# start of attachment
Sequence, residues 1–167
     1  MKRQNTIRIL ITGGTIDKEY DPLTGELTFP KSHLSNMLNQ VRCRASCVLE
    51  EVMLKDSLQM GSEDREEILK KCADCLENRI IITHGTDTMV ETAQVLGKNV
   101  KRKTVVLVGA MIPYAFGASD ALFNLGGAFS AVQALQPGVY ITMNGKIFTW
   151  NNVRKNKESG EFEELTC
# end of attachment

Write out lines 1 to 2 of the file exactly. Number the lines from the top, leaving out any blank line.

Sequence, residues 1–167
     1  MKRQNTIRIL ITGGTIDKEY DPLTGELTFP KSHLSNMLNQ VRCRASCVLE